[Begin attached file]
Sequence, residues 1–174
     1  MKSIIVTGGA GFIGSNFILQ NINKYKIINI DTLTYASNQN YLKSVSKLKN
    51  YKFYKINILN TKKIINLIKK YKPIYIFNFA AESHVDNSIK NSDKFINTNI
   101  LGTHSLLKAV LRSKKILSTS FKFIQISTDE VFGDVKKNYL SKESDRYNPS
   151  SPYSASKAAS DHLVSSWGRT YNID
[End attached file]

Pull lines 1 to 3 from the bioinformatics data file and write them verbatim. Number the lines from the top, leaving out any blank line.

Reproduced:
Sequence, residues 1–174
     1  MKSIIVTGGA GFIGSNFILQ NINKYKIINI DTLTYASNQN YLKSVSKLKN
    51  YKFYKINILN TKKIINLIKK YKPIYIFNFA AESHVDNSIK NSDKFINTNI